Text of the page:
// being more cautious here than I need to be. However, in an abundance of
		// caution, I am checking each part of the targeted object path.
		if (
			event.clipboardData && 
			event.clipboardData.files && 
			event.clipboardData.files.length &&
			this.isImageFile( event.clipboardData.files[ 0 ] )
			) {

			return( event.clipboardData.files[ 0 ] );


		return( null );


	// I determine if the given File is an Image (according do its Mime-Type).
	private isImageFile( file: File ) : boolean {

		return( /^image\//i ) === 0 );



As you can see, this turns out to be a fairly simple workflow. The ClipboardEvent contains a list of File objects. I grab the first File in the list, check to make sure its mime-type matches image/*, and then I generate an Object URL which I store in my view-model.

If I run this Angular app in the browser and copy-paste a few of the images, we get the following output:

Copy and pasting images into an Angular 7.2.15 app using the paste event and Object URLs.

The one hoop that we have to jump through is Security. By default, Angular tries to protect us from potentially malicious behavior. And, it categorizes blob: URLs as potentially malicious. So, in order for us to be able to consume the generated Object URL in our Image src attribute, we have to pass it through the DOMSanitizer, which will return an instance of SafeUrl (this is not a String).

The more I play with File management in my Angular applications, the more I am delighted to see that modern Browser APIs make things rather simple. I think this opens up a whole world of interesting interaction workflows, like being able to paste Images directly into an application. This is definitely something I'm going to start thinking about at InVision.

Want to use code from this post? Check out the license.

Reader Comments


Hi this is great idea i liked to and i have doubt here how to upload pasted (attached) images in to the serve.Can i upload blob URL Directly ?
Could you help me please.

Thank you



I'm glad you find this stuff interesting. Yes, you can definitely upload a pasted-image. The paste event actually contains a File object. And, you should be able to take that File object and just upload it using an HTTP client. For example, in this post:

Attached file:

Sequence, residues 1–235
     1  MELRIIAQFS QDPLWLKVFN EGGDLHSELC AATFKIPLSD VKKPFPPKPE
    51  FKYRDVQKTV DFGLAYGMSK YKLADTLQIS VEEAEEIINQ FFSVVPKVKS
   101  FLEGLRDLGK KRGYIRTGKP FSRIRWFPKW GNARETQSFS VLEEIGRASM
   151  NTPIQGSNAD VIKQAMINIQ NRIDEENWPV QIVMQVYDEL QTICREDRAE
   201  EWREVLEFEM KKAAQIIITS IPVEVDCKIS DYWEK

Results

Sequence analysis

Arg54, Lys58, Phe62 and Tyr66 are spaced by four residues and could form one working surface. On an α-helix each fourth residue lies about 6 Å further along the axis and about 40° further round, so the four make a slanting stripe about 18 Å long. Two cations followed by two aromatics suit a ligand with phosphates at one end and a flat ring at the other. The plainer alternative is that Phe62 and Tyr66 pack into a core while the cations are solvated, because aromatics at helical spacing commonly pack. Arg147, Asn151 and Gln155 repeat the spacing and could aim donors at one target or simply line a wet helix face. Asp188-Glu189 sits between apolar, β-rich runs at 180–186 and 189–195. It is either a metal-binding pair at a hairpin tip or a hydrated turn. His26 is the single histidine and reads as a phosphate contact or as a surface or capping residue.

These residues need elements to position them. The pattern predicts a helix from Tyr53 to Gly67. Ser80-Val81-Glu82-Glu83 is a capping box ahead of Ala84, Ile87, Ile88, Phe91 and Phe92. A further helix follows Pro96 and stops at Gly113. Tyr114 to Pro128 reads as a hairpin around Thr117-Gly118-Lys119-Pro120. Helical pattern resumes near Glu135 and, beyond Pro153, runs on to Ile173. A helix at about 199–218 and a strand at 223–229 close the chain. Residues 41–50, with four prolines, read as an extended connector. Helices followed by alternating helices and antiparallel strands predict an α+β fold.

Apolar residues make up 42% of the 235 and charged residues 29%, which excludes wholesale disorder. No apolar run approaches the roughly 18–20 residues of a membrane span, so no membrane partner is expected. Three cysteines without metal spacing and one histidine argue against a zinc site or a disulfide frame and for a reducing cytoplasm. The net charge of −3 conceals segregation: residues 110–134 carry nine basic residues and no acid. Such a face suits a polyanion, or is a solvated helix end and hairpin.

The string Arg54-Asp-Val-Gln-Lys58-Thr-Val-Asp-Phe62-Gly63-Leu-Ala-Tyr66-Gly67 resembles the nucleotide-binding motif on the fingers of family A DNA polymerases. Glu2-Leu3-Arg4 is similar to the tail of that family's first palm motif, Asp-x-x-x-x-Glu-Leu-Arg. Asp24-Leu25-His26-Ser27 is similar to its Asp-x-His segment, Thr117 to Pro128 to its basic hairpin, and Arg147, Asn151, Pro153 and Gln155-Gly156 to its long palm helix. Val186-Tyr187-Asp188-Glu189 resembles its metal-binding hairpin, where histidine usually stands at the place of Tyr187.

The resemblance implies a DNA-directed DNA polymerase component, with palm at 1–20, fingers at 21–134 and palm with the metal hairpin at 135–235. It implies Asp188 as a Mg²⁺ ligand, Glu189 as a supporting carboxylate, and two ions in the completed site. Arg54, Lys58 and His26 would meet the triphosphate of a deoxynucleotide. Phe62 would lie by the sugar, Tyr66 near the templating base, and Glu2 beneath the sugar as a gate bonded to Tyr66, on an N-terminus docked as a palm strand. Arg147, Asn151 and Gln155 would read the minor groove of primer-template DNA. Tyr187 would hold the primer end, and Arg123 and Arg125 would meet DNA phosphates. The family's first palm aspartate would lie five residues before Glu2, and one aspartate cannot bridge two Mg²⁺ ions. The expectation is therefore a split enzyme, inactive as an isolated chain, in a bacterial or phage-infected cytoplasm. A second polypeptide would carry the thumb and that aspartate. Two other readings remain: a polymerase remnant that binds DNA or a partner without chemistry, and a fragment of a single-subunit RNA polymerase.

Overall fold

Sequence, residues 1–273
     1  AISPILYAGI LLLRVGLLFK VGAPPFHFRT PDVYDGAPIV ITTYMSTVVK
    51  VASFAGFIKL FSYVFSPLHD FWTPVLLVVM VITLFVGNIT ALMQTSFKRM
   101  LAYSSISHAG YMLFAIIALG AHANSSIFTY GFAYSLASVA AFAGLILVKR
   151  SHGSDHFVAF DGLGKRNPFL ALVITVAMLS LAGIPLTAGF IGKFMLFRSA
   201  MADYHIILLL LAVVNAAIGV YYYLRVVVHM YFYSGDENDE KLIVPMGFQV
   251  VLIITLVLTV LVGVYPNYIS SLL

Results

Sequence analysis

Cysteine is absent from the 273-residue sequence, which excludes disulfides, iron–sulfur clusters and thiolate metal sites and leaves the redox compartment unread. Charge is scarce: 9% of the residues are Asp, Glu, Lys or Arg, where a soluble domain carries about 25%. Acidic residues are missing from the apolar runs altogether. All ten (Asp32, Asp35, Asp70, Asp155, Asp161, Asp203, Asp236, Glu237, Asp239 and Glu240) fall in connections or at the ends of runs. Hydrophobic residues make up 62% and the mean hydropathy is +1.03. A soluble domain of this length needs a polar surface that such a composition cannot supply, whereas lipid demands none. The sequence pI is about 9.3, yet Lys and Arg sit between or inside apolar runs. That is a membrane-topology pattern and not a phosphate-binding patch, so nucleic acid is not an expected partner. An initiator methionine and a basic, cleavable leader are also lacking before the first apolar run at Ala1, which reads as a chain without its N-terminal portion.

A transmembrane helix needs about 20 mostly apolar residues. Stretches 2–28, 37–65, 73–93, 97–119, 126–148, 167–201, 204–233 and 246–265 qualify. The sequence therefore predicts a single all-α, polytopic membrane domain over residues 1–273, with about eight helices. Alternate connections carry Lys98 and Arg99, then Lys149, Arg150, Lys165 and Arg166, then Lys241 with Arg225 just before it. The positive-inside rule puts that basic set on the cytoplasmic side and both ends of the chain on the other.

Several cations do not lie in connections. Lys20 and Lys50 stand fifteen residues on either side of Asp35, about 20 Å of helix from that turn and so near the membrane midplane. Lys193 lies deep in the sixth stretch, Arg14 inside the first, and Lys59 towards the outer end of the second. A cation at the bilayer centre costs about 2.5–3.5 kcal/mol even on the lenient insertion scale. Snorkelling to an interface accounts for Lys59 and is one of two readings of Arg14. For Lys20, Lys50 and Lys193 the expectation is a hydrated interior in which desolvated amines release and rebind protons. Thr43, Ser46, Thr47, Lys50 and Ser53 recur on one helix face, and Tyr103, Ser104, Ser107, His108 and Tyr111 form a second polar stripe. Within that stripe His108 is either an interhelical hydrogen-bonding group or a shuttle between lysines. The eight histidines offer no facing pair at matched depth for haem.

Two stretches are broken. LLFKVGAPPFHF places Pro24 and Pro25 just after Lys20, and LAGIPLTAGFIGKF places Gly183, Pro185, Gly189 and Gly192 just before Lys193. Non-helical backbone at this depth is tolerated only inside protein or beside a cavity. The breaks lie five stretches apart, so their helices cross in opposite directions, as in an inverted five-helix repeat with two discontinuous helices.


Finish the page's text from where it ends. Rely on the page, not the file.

.... I am uploading a File object via the HttpClient in Angular. In that post, I was selecting the File using the File Input element; but, you could just as easily -- I am pretty sure -- use the paste event to do the same thing.

Let me know if that helps. Otherwise, I can try to put together a demo.



I am not sure. I've been using Markdown as my editing approach (which is nice because it doesn't require much client-side functionality). But, I see there is a Ticket here about adding a rich text editor to Angular Material:

... while there isn't one currently, it looks like there are several mentioned in the ticket comments.


I love this approach. Anyhow, when I tried copying an image with transparent background from windows application such as powerpoint, and pasting it in web app, the transparency is not preserved. Image is being displayed with white background.
Could you provide some idea on how to maintain the transparency?
Thanks in advance



I am not sure what in this process would be responsible for stripping the transparency from the image. After all, we're not modifying the image - we're just pasting the binary data into the Angular app and then uploading it via AJAX.

As a sanity check, I would try right-clicking the image in the source page and do "Save As" to your local computer. And then, confirm that the saved image has transparency. It could be that there's something confusing about the image?? I'm not really sure.



Hmmm, very interesting. I just did some Googling and it looks like the new approach is to use HTMLMediaElement and srcObject. But, according to MDN, the support for that is not great:

MDN suggests falling back to the old URL.createObjectURL for most browsers. Since I've only just learned about this (from you), I don't have any good insights. I'll have to dig a little deeper.


Awesome! I'm glad you found this helpful :D



Actually, looking closer at the deprecation notes, I do not think that it is fully deprecating all uses of URL.createObjectURL(). It seems to only say that it is being deprecated specifically when the argument is of type MediaStream. In my demos, the arguments are generally of type File or Blob. As such, I am not sure this deprecation applies to us.

In fact, if you run this Angular demo in either Firefox or Chrome, you will see that no deprecation warning shows up in the logs. So, I think we may be safe!



Awesome! I'm happy to hear this helped you out. I love the interaction we get with File objects and Blob data.

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Ben Nadel